Court upholds deportation of Human Rights Watch director under BDS rule
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Court upholds deportation of Human Rights Watch director under BDS rule

Omar Shakir ordered to leave country by May 1 over calls to boycott companies to pressure Israel; activist says he only called on firms to cease operations in settlements

Ilan Ben Zion, a reporter at the Associated Press, is a former news editor at The Times of Israel. He holds a Masters degree in Diplomacy from Tel Aviv University and an Honors Bachelors degree from the University of Toronto in Near and Middle Eastern Civilizations, Jewish Studies, and English.

Human Rights Watch's Israel and Palestine director Omar Shakir, a US citizen, sits in his office in the West Bank city of Ramallah, May 9, 2018. (Abbas Momani/AFP)
Human Rights Watch's Israel and Palestine director Omar Shakir, a US citizen, sits in his office in the West Bank city of Ramallah, May 9, 2018. (Abbas Momani/AFP)

AP — An Israeli court upheld the deportation of Human Rights Watch’s local director on Tuesday and ordered him to leave the country within two weeks.

The Jerusalem District Court rejected an appeal by Omar Shakir to remain in the country, citing his ongoing support of boycotts of Israel during his time in the country.

Israel enacted a law in 2017 barring entry to any foreigner who “knowingly issues a public call for boycotting Israel.”

Tuesday’s ruling was the first time the law was applied to someone already residing in the country.

Shakir, a US citizen, has worked as the New York-based group’s Israel and Palestine director since October 2016.

The interior minister ordered Shakir’s deportation in May 2018, calling him a “boycott activist.”

The court said that Shakir “continues his actions publicly to advance a boycott against Israel, but it’s not on the stages at conferences or in university panels, rather through disseminating his calls to advance a boycott primarily through his Twitter account and by other means.”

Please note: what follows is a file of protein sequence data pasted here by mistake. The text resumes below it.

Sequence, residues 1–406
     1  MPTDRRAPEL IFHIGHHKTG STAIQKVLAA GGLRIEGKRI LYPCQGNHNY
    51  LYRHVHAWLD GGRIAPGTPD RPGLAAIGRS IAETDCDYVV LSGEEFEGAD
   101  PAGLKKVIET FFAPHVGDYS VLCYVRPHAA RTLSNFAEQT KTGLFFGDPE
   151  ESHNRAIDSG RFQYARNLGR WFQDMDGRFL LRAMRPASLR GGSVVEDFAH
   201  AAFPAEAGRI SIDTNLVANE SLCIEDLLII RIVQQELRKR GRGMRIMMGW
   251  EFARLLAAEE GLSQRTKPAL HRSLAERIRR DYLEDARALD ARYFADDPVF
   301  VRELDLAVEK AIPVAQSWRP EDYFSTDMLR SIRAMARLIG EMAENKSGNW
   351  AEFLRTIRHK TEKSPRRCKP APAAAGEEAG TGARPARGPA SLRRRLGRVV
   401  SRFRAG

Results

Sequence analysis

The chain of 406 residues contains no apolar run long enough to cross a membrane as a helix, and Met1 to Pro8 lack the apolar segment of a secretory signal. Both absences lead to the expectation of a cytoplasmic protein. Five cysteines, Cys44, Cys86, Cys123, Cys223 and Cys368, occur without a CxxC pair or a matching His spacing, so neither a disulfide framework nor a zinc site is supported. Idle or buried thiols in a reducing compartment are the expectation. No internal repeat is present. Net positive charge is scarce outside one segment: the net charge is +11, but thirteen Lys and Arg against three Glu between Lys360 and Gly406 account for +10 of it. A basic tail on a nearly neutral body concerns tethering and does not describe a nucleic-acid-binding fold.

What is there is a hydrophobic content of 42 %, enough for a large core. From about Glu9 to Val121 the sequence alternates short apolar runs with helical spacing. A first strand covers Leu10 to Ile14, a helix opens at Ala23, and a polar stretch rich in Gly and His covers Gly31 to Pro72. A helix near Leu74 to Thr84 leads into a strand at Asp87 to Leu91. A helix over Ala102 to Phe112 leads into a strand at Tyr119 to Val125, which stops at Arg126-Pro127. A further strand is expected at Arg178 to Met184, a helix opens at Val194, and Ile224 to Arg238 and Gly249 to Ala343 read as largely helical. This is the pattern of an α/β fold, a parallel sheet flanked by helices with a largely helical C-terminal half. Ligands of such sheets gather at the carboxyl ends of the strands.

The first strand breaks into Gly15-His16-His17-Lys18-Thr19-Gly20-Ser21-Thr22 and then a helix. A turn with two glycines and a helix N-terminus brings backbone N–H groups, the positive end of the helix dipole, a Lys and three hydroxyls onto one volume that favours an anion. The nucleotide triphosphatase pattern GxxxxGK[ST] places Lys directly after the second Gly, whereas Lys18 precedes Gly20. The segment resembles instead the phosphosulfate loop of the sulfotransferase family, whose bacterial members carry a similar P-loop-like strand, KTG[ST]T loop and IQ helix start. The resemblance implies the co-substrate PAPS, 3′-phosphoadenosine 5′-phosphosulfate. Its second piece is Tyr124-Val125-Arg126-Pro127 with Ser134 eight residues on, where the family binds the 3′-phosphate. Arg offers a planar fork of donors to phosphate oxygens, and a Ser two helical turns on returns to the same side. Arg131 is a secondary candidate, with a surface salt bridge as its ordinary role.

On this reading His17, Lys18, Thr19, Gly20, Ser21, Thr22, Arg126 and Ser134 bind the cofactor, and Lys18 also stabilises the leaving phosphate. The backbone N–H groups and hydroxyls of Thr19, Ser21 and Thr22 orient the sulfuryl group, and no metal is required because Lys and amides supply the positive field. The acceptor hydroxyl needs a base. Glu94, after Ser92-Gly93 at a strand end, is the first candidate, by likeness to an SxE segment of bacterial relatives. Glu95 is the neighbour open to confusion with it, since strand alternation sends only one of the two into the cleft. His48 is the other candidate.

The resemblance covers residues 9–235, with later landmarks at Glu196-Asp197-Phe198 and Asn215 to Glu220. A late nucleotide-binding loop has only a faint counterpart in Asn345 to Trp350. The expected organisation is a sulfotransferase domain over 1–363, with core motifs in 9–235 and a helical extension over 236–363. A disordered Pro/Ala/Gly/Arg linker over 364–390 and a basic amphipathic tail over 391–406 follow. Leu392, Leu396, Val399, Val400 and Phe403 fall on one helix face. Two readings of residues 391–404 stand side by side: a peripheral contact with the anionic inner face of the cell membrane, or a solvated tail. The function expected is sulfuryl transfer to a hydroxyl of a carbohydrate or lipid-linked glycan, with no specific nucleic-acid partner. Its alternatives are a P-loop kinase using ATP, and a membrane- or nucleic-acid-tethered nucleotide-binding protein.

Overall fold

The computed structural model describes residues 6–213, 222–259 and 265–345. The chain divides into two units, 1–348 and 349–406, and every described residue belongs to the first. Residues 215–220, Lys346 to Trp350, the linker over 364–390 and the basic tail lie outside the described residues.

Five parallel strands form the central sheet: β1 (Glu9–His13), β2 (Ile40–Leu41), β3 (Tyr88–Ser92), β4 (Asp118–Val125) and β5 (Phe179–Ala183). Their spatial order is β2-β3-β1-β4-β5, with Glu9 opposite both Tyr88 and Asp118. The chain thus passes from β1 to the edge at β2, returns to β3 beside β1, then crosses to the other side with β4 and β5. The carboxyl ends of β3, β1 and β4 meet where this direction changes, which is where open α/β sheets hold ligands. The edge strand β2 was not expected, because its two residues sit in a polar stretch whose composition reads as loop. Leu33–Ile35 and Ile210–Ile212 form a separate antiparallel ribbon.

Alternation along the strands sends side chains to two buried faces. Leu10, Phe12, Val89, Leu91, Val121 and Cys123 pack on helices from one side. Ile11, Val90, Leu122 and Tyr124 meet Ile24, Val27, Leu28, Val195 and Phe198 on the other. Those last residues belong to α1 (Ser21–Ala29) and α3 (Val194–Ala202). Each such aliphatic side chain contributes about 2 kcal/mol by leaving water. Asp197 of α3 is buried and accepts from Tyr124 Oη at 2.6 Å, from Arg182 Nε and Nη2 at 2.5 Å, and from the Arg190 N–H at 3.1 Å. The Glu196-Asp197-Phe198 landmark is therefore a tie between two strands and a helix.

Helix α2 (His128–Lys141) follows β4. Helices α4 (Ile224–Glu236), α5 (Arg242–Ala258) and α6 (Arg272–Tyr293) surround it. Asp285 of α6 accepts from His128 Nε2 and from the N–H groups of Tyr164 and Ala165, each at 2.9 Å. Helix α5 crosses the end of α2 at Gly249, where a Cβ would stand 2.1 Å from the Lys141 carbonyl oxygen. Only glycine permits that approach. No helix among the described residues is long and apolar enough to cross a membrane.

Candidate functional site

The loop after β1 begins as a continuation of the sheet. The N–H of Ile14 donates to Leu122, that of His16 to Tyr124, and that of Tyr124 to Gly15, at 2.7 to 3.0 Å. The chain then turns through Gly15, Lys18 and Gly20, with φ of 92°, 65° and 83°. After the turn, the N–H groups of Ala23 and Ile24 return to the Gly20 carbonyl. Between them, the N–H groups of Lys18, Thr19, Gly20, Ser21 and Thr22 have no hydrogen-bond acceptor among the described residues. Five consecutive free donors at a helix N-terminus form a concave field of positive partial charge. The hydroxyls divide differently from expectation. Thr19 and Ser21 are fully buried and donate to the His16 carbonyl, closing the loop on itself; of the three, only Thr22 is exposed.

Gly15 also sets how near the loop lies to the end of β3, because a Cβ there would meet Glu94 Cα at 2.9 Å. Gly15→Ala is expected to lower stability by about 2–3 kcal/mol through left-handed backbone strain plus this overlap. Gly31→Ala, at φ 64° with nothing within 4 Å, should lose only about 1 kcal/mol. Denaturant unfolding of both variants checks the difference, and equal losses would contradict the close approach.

It cited Shakir’s support on Twitter for Airbnb’s decision to remove postings from Israeli settlements in the West Bank as an example.

Airbnb later backtracked on that decision.

Illustrative: A Palestinian man walks past graffiti calling for a boycott of Israel on a street in the West Bank city of Bethlehem on February 11, 2015. (Miriam Alster/Flash 90)

Human Rights Watch said neither the organization nor Shakir promotes Israel boycotts, but has called for companies to cease operations in West Bank settlements because they “inherently benefit from and contribute to serious violations of international humanitarian law.”

The court upheld that the law applies to boycotts of “areas under [Israel’s] control,” namely the West Bank, not just of Israel proper.

Human Rights Watch said in a statement that the court’s ruling “threatens the ability of all Human Rights Watch staff members to access both Israel and the West Bank.”

Human Rights Watch said in a statement that the court determined that the group’s “research and advocacy calling for businesses to stop facilitating abuses in Israeli settlements in the occupied West Bank constitutes a call for boycott.”

“The decision sends the chilling message that those who criticize the involvement of businesses in serious abuses in Israeli settlements risk being barred from Israel and the Israeli-occupied West Bank,” said Tom Porteous, deputy program director at Human Rights Watch.

The group said it would appeal the decision and seek an injunction blocking the deportation while legal proceedings continue.

Strategic Affairs Minister Gilad Erdan, whose ministry leads anti-Boycott, Divestment and Sanctions efforts, praised the ruling. “Boycott activists need to understand that what was will no longer be,” he said.

The court order said Shakir has until May 1 to leave the country.

Times of Israel staff contributed to this report.

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